Pages 66-69

by Turan Mammadaliyeva

The 1960s saw the dawning of a golden era for Azerbaijani jazz. It was a decade with a very particular environment, nurturing the flourishing of many styles in the country’s jazz life. Innovations of the time included free flight as well as intensive styles; the quality improved and the period witnessed some unique and brilliant talents.

One of the finds of the 60s was jazz composer and pianist Rafiq Farzi oglu Babayev (1936-1994).

Babayev was born in Baku on 31 March 1936, into the family of Farzi and Shahbayim Babayev. He was the fourth of the family’s five children. Hardwork, education and comprehensive knowledge were fostered in all the children from their earliest years. With this upbringing, all of them found their station in life, but perhaps the most suitably placed was Rafiq. He received his first music education in the music school attached to the Azerbaijan State Conservatoire, and continued in the piano class at the Asaf Zeynalli vocational music school. Rafiq was already seen as a developing performer as he pursued his interest in jazz. He had a sharp musical ear, enthusiasm, perfected technique and beautiful talent. His studies of European romantic music (especially Chopin, Liszt, Rachmaninoff and Scriabin), and Azerbaijani classical music (Uzeyir Hajibeyov, Gara Garayev, Jovdat Hajiyev, Fikret Amirov, Rauf Hajiyev and others) strengthened his interest in jazz music, as well as sharpening his ear for picking up its nuances.

However, in 1957, while still studying at the Conservatoire, the young Babayev participated in the 4th Youth and Students’ World Festival in Moscow, presenting his first composition in ethnic-modal form.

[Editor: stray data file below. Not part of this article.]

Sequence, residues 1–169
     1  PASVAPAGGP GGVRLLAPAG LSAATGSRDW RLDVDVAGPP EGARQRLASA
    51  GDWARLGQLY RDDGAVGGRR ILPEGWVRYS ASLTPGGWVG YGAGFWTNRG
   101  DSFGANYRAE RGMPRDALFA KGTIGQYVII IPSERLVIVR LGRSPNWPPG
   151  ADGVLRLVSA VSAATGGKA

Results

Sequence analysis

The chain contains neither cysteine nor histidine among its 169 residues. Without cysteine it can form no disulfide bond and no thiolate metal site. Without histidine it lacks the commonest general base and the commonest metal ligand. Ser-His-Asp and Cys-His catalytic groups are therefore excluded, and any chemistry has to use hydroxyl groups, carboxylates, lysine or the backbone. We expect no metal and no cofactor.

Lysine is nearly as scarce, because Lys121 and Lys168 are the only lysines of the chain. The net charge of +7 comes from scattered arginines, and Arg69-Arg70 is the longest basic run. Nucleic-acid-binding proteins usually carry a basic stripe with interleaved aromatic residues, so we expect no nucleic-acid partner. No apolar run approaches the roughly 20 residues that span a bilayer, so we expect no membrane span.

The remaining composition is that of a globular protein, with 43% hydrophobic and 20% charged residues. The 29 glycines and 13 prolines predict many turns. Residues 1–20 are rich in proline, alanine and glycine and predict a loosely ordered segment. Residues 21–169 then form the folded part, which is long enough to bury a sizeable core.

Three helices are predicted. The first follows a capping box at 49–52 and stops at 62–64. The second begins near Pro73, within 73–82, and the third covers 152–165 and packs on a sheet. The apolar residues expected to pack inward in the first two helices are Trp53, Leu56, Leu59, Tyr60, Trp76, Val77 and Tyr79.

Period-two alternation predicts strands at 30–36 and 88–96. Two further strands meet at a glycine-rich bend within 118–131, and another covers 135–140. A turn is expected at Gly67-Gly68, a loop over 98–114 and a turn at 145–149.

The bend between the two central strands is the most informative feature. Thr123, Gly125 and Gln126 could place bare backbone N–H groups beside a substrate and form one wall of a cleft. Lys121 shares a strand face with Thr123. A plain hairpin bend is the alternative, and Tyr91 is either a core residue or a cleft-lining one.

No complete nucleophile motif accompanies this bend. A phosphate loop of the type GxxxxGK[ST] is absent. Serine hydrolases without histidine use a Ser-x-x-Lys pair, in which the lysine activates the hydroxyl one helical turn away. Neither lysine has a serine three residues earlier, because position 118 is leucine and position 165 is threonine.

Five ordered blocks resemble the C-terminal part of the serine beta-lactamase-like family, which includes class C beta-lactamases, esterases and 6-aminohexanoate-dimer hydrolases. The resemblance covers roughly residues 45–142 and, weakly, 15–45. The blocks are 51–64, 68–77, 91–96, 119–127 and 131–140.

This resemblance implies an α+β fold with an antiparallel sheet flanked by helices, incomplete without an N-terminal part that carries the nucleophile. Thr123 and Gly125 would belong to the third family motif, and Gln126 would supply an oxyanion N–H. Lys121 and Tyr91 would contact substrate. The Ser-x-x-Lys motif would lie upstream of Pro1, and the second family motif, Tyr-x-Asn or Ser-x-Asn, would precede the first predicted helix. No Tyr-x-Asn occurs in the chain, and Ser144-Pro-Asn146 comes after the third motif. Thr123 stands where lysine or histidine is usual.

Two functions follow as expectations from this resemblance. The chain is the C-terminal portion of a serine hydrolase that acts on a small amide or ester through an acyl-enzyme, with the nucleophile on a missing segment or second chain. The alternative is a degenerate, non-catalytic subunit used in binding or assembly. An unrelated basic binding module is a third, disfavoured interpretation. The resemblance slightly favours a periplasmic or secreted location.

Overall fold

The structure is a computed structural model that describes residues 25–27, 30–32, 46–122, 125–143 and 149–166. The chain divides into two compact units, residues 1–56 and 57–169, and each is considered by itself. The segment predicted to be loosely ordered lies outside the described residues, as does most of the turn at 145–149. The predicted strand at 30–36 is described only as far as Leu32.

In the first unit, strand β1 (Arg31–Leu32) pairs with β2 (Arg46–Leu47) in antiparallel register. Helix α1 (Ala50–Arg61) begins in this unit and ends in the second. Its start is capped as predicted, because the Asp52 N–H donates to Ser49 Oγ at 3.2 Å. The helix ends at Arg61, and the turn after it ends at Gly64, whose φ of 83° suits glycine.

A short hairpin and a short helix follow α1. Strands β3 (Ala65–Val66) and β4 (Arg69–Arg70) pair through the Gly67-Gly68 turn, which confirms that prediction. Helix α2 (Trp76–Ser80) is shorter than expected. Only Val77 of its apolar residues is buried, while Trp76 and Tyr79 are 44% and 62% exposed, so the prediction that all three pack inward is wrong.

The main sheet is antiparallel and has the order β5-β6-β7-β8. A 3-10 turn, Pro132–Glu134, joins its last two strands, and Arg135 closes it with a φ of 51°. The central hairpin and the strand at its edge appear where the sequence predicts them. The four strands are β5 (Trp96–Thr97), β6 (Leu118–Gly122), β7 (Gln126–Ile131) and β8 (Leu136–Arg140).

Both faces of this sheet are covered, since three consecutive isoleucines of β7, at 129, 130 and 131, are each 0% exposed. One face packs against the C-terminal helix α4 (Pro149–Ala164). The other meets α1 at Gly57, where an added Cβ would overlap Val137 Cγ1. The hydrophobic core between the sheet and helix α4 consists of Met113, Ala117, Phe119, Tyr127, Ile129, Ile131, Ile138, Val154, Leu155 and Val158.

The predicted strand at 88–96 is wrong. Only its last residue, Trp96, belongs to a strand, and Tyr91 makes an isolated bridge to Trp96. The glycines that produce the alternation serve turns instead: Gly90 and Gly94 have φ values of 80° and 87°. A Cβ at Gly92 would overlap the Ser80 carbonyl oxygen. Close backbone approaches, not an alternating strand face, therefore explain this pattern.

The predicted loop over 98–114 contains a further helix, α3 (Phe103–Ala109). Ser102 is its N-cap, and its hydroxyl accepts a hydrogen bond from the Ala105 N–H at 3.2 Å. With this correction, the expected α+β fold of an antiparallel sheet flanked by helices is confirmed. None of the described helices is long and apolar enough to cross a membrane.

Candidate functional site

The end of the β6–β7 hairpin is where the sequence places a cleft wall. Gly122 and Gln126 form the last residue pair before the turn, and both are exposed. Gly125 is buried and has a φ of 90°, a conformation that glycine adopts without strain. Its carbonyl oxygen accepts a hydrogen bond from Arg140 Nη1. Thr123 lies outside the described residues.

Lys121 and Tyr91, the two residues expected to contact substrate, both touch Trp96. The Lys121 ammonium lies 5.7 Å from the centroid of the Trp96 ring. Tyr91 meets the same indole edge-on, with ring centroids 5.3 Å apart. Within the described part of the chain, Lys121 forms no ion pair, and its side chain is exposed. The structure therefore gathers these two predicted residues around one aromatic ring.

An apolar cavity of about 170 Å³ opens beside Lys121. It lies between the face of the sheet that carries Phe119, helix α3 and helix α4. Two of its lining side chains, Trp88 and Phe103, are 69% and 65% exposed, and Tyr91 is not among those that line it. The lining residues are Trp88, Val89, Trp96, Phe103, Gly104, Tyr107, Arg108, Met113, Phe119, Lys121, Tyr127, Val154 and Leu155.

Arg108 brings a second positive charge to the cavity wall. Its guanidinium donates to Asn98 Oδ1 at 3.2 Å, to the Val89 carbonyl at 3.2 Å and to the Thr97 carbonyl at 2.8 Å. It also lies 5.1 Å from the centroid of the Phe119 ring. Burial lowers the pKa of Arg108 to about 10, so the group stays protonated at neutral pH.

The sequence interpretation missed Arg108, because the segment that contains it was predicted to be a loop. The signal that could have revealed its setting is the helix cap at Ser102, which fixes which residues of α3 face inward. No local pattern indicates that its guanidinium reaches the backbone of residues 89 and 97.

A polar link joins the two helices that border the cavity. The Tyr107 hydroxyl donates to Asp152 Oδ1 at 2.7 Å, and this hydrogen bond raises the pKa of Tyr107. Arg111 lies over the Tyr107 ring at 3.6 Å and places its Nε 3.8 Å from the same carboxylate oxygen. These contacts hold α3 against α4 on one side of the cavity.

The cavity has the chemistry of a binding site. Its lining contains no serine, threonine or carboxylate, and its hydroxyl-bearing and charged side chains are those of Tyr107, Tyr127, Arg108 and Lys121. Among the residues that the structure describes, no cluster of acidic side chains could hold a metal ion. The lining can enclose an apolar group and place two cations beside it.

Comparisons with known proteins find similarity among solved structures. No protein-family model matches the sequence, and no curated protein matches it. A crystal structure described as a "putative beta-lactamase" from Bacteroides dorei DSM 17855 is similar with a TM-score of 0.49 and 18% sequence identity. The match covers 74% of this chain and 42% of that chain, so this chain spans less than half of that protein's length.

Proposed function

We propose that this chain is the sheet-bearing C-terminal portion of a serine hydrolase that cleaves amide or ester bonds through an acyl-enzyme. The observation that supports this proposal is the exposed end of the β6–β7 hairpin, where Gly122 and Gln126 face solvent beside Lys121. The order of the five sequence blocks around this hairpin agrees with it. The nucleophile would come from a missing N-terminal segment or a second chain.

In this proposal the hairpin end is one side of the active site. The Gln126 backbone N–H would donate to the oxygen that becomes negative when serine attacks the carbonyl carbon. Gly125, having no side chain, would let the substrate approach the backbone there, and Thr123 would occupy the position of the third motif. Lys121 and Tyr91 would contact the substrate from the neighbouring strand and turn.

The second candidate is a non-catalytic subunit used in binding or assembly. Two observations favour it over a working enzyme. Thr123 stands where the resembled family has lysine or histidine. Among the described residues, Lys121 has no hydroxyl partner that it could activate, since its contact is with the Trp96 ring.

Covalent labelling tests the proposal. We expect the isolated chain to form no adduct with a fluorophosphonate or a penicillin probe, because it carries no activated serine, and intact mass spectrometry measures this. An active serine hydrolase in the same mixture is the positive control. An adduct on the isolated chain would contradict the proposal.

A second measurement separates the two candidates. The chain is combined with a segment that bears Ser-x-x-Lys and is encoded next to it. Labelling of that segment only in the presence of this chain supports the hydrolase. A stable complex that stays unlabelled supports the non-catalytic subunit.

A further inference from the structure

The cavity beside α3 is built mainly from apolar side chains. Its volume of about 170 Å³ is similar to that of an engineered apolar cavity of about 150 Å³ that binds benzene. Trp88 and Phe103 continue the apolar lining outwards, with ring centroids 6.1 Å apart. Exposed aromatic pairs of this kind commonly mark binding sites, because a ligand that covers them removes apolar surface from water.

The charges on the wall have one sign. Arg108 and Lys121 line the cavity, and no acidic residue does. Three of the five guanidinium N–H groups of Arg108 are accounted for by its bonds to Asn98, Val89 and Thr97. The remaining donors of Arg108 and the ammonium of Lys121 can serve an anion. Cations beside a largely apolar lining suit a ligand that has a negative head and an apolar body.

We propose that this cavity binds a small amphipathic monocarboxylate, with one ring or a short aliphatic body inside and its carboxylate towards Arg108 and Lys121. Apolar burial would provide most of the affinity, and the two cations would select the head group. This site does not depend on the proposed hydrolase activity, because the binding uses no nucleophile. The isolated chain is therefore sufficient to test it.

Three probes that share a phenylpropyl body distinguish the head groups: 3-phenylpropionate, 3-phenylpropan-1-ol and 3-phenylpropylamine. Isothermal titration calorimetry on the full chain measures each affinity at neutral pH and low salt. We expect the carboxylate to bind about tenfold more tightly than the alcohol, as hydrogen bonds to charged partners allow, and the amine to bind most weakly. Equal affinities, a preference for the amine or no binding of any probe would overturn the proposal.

He went on to form and lead several groups, promoting the country’s music culture on tours of several countries – the USA, France, Belgium, Canada, Mexico, India, Libya, Syria among others. A look at the groups he led indicates that his creative work developed in stages.

Talent and learning the basics

There was certainly about him a natural individuality and personal outlook. This feature was most fully apparent in his talent as composer and musician, of course, but he made his brilliant mark on every field he touched. Although he is known for his musical contribution, it is worth noting his other talents; he was also blessed with mathematical and literary abilities.

Rafiq’s musical thinking, especially his approach to jazz, took various forms. The 1960s saw him delve into traditional jazz, mainstream, blues, cool, and bop. He learned the classic jazz standards in his first quartet with double bass player A.Hodja-Bagirov, guitarist Y.Sardarov, and drummer A.Dadashov, while also improvising on themes taken from his predecessors Gara Garayev and Rauf Hajiyev. His vinyl record, released in 1970 and including improvisations on themes from Rauf Hajiyev’s operettas Cuba – My Love and Fourth Vertebra, reflected his grasp of the jazz classics and sums up the first, traditional, stage of his work.